In the final minutes before the crash, the friends argued about what to do.
They were eight teen-agers -- a brother and a sister, cousins and best friends -- speeding through Carroll County at up to 110 mph in a stolen car. They had been drinking much of the night. Two state troopers were behind them.
"Just stop, just stop," yelled Donna Simms to her brother Donny, who was at the wheel.
"Shut up, just shut up," Donny, 16, said.
"Go, just go," said their 17-year-old cousin Anthony Antonio "Tony" Liason. "You got it."
Before Donny could find a spot to pull off Liberty Road, the car swerved and flipped, and six of the eight teen-agers tumbled out. After the sounds of crunching metal and shattering glass had faded into the night, three of the teen-agers, including 15-year-old Donna Simms, lay dead. Dink Diggs and Christopher Norris, best friends for all of their 15 years, also died.
Chris' cousin Melissa "Missy" Costley lay on the shoulder with a broken leg. Her sister Angela Nichole "Nikki" Costley lay on the other side of the road, screaming, with a dislocated hip and road burns.
Donny, who did not have a driver's license, faces charges of drunken driving and three counts of automobile manslaughter. He and his cousins Tony Liason and Danny Barnes also face charges of auto theft and possession of alcohol.
The teen-agers died two weeks ago today.
The night could have ended much differently, but the kids made all the wrong decisions. They crammed into a car, got a case of malt liquor and lost control on a dark empty road.
"What were they thinking?" said Soloman Lynch, after his friend Chris' funeral.
The episode began Friday, June 4, in a Maryland Rail Commuter lot in Gaithersburg. Helen L. Martin, who works for a Washington insurance company, parked her 1991 Toyota Corolla there that morning. When she returned in the afternoon, all that remained was shattered glass.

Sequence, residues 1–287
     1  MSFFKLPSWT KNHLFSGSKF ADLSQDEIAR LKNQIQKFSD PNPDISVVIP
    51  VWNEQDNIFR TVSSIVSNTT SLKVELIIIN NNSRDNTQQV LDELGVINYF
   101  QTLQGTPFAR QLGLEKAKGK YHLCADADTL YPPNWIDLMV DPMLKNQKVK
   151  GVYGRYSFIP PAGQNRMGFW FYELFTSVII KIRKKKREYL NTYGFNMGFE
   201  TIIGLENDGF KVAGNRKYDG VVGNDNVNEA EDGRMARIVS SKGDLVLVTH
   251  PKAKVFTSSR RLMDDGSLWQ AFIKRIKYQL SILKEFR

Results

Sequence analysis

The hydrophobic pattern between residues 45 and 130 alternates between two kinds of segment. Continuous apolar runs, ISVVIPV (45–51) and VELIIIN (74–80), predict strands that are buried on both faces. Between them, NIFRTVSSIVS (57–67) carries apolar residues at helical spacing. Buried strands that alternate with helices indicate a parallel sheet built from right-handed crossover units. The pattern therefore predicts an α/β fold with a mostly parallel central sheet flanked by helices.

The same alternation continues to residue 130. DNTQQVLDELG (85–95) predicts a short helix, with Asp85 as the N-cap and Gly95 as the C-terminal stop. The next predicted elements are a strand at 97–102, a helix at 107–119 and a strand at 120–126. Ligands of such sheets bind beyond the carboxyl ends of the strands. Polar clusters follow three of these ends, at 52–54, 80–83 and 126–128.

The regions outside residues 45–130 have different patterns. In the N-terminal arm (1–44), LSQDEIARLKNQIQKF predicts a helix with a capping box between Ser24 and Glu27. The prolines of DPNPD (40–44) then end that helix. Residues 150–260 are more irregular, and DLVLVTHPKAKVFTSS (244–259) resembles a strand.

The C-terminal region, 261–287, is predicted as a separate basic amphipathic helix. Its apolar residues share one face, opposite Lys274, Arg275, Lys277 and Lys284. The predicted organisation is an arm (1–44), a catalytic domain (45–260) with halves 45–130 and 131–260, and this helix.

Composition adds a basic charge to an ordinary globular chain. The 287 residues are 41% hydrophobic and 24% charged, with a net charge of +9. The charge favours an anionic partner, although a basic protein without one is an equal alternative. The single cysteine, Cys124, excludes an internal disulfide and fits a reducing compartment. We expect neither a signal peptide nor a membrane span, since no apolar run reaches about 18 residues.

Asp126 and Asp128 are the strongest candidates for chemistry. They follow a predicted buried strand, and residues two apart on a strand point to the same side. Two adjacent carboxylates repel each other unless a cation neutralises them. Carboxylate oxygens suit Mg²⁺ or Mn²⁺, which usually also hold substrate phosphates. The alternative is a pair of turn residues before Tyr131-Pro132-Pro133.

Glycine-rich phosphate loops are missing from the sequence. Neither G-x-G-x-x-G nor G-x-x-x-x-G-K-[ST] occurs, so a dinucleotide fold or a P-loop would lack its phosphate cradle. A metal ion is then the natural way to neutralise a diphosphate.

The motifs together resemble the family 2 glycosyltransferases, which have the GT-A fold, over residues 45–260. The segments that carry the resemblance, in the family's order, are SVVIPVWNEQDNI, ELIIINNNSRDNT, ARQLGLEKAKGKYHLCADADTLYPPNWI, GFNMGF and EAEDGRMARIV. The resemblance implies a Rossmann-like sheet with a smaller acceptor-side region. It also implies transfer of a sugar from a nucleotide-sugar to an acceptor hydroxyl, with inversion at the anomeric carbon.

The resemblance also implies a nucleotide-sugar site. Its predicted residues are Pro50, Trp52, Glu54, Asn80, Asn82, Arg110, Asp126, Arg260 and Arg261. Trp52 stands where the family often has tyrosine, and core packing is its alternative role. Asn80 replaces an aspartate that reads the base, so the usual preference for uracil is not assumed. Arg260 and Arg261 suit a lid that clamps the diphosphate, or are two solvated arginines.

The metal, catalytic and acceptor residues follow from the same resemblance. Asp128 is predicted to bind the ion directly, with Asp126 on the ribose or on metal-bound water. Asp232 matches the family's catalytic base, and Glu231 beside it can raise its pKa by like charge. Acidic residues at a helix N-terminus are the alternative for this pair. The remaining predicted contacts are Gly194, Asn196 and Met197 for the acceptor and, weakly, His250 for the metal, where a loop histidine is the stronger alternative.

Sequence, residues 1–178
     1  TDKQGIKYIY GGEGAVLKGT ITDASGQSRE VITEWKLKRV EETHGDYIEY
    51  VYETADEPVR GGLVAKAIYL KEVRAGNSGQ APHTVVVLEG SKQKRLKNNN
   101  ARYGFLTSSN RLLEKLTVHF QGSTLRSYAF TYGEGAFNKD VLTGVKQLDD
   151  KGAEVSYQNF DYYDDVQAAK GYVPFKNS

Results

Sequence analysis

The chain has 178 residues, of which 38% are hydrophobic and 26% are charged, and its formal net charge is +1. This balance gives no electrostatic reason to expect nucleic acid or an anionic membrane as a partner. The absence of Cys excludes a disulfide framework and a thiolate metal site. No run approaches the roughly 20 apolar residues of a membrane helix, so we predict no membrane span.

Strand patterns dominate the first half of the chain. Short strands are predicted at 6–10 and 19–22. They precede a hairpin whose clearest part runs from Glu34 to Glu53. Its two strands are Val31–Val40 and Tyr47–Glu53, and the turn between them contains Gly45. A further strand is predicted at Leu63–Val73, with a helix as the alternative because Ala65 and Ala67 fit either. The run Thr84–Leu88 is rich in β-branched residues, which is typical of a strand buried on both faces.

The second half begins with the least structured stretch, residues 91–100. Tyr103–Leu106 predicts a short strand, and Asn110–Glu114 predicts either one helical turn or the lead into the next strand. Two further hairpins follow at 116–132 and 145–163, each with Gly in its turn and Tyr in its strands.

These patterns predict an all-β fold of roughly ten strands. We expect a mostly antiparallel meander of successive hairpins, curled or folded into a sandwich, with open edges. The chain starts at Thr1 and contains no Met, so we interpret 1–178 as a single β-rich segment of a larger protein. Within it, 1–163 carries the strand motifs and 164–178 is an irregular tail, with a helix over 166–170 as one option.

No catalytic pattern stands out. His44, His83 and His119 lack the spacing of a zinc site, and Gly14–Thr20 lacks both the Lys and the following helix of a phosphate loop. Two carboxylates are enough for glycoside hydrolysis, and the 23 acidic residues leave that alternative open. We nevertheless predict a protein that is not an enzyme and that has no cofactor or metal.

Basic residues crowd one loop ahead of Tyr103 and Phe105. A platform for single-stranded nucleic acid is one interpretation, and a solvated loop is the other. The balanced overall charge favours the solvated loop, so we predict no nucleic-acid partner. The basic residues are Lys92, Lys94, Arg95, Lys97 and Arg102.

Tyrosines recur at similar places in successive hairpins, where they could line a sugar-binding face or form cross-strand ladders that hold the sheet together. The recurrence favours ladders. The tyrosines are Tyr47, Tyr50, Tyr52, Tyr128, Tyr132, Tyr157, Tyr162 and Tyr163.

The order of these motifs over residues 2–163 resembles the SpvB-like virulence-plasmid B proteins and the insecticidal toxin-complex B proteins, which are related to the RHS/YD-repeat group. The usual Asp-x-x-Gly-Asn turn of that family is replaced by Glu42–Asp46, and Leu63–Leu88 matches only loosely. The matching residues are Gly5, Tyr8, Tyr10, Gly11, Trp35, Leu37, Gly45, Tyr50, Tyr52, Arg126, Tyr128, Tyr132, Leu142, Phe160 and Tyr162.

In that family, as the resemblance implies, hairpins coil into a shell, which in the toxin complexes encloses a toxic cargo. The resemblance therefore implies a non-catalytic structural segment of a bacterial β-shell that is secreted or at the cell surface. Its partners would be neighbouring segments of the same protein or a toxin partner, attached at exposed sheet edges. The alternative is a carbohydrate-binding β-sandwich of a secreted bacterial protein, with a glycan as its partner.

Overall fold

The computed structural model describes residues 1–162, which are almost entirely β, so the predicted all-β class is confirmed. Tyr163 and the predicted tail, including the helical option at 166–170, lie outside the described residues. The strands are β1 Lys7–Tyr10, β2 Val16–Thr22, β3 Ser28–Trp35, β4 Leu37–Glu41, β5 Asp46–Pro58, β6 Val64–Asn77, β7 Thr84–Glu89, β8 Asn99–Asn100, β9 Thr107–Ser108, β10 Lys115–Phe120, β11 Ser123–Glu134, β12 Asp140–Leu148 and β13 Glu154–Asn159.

The next evening, Donny Simms and Tony Liason arrived in a car at the Gaithersburg home of their friends Missy and Nikki Costley.
The sisters are the only survivors of the crash not charged with crimes, and the only ones willing to talk about the accident. Tony's and Danny's attorneys, Joseph E. Stolz Jr. and Alan Katz, both of Gaithersburg, said the boys' families had no comment on the accident. William T. Wood of Rockville, Donny's attorney, declined to talk about the accident, as did Donny's father, Arthur.
'Whose car is this?'
In an account that closely matches initial accident reports by state police, Missy and Nikki described what happened that Saturday night:
Donny and Tony planned to drive the girls to a dance in Mount Airy. When their mother, Bonnie, saw the car, she wondered whose it was. She was told that it belonged to Tony's girlfriend.
The teen-agers headed up Route 27 toward the Putt N Fun, a Mount Airy arcade that held weekend dances. Along the way, Missy switched from the back seat to the front and noticed that the steering column had a hole in it. Donny and Tony, she says, used a pair of needle-nose pliers as an ignition key.
"We were like, 'Whose car is this?' " Missy said.
"Don't worry. Don't worry," she recalled Tony saying.
Dink and Chris had spent that Saturday afternoon as they often did, riding dirt bikes with Dink's father in Carroll County. In the evening, they walked to the Putt N Fun. The group met sometime after the dance started at 8 p.m.
Dink and Chris had spent nearly every weekend of the past year at Putt N Fun. The arcade-cum-indoor miniature golf course is a magnet for students from South Carroll High, where Dink, Donna and Donny went to school.
Parents have mixed feelings about the place. In March, 25 police officers broke up a fight in the arcade's parking lot involving a mob of about 75 people.
Only 20 or so teen-agers went to the dance that Saturday. No more than a half-dozen danced at any time to the rap, reggae, and rhythm and blues tunes. The most excitement came when Nikki and Donna got into a fistfight with two girls who Nikki said had mouthed off to them.
During the night, the teen-agers and other friends went into the ++ woods nearby to drink 40-ounce bottles of St. Ides malt liquor. Missy and Nikki said they did not know where their friends had obtained the alcohol. Police have not arrested anybody for buying the teen-agers alcohol, but say they have narrowed the search to one person.
Around 11 p.m., most of the group of friends piled into the Toyota and headed for the Mount Airy home of Chris, Missy and Nikki's grandmother. There, the sisters picked up their 4-month-old brother, L. J.
Chris, described by some as a relatively straight-laced boy, stayed in the car.
"He had been drinking, and he was scared that my grandmother would find out," Missy said.
The friends dropped Missy, Nikki and L. J. back home in Gaithersburg. Mrs. Costley said she discovered Nikki had been drinking, lectured her and sent her to bed.